“You can observe a lot by watching.” – Yogi Berra
I don’t like “average”.
The typical, the common, the ordinary.
No one has ever accused me of being “average” though. In fact, I was so disturbed with being identified as “average” that in the very first seminar I ever taught, the first slide was this:
The average person says that he (or she)…
The average person does….nothing to get what he says he wants.
I should know.
Average caught me. Over the years, I developed the typical, middle age man’s big belly, low energy, all the aches and pains, and a heart that worked too hard. I slipped into the average abyss by doing what most people do to avoid it. Nothing. I worked way too much. I ate what I wanted and did what I wanted. I didn’t exercise much, if at all.
But I escaped the clutches of Average.
My blood chemistry, blood pressure, heart rate, strength, flexibility, and aerobic capacity are now the equivalent of a man in his 30’s. I effectively rolled back my biologic clock nearly 25 years.
And here’s the thing. You can change too but you need to know and accept the path you’re on first. And if any of the things in the list above resonated with you, then the path you’re on, unless you just happened to be in the favored end of the gene pool at birth, is one that leads to feeling, looking, and acting a lot older than your chronologic age.
You’re on the path that I was on. It’s a path that leads you to Type II Diabetes, high blood pressure, heart disease, osteoarthritis, metabolic syndrome – the diseases of “old age”; a path that ends with you spending that last thirteen years of your life in ill-health and spending a lot of money.
Of course, you might feel just fine right now which is part of the problem. We have some “alarms” in the body – like severe left arm pain or chest pain when your heart is seizing up – but the one we don’t have, but should, is a “fitness alarm”.
Nothing really happens to you, quickly at least, as your fitness fades from your life year after year. In fact, the decline is so slow that it’s only when you can’t do something really simple – like walk up or down a flight of stairs – that you then realize just how weak and unfit you really are.
Body fat shows up but most will either ignore it or adapt for it (as I did) by wearing looser clothing or pants that expand easily.
But you write that off as “normal” for just “getting older”.
Sound familiar at all?
That was me. And, no I’m not 25, and really don’t want to be either. And yes, I’m occasionally a pain in the butt, complain about stuff, and some days feel a little older than I want to.
Life isn’t perfect just because you over haul your lifestyle nor is it a guarantee that you won’t have problems.
But it’s not how you start. It’s how you finish. I drastically altered the course I was on and continue to improve it week by week.
A recent study showed that your level of fitness in the middle age years is a good predictor of what your “golden” years will be like. Those people who were more fit, had fewer health problems and the problems that showed up, were much later in life.
The more fit you are, the more likely you will not just live longer. You’ll live better.
You don’t need to be fit to be alive but you do need to be fit to feel alive.
1. Decide what you want. Sounds cliche’ but it’s true. Don’t go for generalities like “I want to lose weight” and avoid the next mistake most people make, “I want to lose 10 lbs”. Instead, decide what you want to be able to DO or FEEL. In my case, I wanted to feel stronger, more agile; to be able to play golf, run with my dogs, shoot some baskets. I wanted to feel younger; more alive. What about you?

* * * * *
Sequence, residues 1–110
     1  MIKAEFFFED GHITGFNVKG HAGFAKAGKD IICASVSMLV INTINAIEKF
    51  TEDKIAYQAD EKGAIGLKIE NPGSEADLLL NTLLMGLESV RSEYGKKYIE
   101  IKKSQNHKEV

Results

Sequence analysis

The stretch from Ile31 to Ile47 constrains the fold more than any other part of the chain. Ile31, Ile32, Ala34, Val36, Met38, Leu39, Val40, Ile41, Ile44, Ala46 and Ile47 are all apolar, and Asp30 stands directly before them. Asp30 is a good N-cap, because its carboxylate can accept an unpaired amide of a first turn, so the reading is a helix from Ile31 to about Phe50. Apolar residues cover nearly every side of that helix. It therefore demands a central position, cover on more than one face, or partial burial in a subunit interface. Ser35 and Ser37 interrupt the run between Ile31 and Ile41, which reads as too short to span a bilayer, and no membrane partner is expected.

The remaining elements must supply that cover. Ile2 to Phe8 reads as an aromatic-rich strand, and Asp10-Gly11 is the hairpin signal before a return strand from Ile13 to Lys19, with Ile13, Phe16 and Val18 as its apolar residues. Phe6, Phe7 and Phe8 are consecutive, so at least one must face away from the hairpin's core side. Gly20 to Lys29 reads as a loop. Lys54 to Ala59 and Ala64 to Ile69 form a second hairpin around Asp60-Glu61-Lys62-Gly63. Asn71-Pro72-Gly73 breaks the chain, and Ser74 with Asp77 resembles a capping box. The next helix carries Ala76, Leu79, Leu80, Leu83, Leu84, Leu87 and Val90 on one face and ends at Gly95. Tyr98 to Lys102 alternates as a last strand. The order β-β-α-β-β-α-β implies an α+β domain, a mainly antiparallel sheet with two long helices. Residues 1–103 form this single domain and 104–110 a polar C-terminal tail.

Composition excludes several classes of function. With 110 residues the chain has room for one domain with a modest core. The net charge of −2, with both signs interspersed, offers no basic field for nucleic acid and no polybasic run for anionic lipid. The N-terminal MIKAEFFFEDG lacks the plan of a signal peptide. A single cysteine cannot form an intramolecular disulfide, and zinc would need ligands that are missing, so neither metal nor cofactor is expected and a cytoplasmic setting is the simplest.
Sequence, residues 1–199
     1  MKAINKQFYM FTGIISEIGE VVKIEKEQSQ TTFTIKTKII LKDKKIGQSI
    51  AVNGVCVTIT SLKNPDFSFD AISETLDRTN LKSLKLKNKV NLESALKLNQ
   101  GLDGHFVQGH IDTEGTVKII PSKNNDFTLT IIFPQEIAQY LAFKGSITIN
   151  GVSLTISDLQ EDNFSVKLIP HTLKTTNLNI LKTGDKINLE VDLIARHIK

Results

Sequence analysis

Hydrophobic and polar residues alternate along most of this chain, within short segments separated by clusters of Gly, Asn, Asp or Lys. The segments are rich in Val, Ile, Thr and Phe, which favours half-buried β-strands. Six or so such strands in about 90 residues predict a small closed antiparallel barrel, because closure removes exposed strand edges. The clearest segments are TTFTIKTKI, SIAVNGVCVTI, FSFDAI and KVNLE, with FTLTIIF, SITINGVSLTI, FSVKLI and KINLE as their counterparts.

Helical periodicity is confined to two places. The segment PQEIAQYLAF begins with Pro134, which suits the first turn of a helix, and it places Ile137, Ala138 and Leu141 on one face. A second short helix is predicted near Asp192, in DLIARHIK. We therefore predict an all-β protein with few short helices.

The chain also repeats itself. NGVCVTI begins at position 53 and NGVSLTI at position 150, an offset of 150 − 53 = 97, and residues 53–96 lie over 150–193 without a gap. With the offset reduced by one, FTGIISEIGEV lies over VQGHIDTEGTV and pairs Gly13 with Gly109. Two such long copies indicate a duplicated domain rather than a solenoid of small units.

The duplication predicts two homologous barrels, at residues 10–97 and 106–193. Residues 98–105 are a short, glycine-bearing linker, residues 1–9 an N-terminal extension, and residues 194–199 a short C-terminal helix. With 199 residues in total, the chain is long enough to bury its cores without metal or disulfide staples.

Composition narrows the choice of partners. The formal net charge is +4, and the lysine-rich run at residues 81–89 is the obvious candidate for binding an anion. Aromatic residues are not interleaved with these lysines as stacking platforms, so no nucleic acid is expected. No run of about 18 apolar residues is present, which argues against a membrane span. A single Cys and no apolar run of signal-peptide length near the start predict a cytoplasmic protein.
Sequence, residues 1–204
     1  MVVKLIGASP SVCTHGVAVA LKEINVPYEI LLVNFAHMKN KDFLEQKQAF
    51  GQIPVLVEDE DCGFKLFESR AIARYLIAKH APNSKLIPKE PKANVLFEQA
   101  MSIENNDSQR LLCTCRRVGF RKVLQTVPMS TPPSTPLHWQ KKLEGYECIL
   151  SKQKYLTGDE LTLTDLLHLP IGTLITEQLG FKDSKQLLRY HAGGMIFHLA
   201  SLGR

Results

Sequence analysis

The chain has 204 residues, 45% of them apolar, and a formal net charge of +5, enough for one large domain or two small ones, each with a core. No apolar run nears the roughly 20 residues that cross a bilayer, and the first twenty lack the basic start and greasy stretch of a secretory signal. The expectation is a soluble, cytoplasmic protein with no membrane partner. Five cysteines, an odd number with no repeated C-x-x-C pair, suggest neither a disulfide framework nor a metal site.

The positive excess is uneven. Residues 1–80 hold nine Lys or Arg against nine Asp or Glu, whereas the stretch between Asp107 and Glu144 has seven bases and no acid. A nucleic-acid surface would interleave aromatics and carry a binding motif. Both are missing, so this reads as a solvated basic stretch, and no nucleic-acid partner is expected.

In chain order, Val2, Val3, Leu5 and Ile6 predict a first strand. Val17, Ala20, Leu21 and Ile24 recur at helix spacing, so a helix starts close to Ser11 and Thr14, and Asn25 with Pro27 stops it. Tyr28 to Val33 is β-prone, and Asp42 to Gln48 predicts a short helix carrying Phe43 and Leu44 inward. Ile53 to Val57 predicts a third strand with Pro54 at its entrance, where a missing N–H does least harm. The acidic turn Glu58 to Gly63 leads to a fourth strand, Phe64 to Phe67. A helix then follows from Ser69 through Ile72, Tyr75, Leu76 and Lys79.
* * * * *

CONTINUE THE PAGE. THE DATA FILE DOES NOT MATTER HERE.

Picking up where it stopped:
2. Measure, measure, measure. You’ll quit if you don’t know how much progress you’ve made and your progress must be something other than how much you weigh or how big or small your waist is. You need some physical bench marks in addition to body weight, fat, waist size, etc. You need to know how many push ups you can do, or how much strong your legs are. These things will give you some much needed positive reinforcement to keep going (we have a series of tests you can take for free to help you get started).
3. Build your knowledge. I had a lot of things to learn and unlearn. I had the mindset that a low-fat diet was “heart healthy”and because heart disease runs in my family, I thought I was doing the right thing. But, I hadn’t critically explored this assumption. Once I did, I learned how wrong I had been and why eating more fat was key to managing body fat and actually help gin your heart function.
4. Control the calendar. I use iCal and schedule my training sessions. Now here’s the secret to making it work. Honor those appointments as you would any other appointment. You are just as important to you as anyone else. Make the appointments. Keep the appointments. Show up. Work. Shout “Hooah!”
5. Get moving. Exercise is a key ingredient for lowering your biologic age. Set aside at least 30 minutes, 2-3 days per week for a program that challenges your strength, balance, flexibility, agility, and aerobic fitness using as many natural movements as possible. And cycling, swimming, and running – only – are not enough.
6. Rest. This was hard for me, even with my training and background, to actually do. I felt like life was slipping by me and that if I kept training and pushing myself I could somehow magically catch up. Well, that lead to an injury – not proud of that for sure – but I share that with you so you can understand just how powerful your ego can be and how critically important rest and recovery is to your ultimate success. The benefits of working hard are always realized during the rest period. So, schedule your rest days too.
Now, if you just get started with the above, you’re already above average. And, if you’re a ActiveAge member, well, you are way above average and I congratulate you because it’s awesome.
Just don’t let Average get its hands on you. It can ruin your life.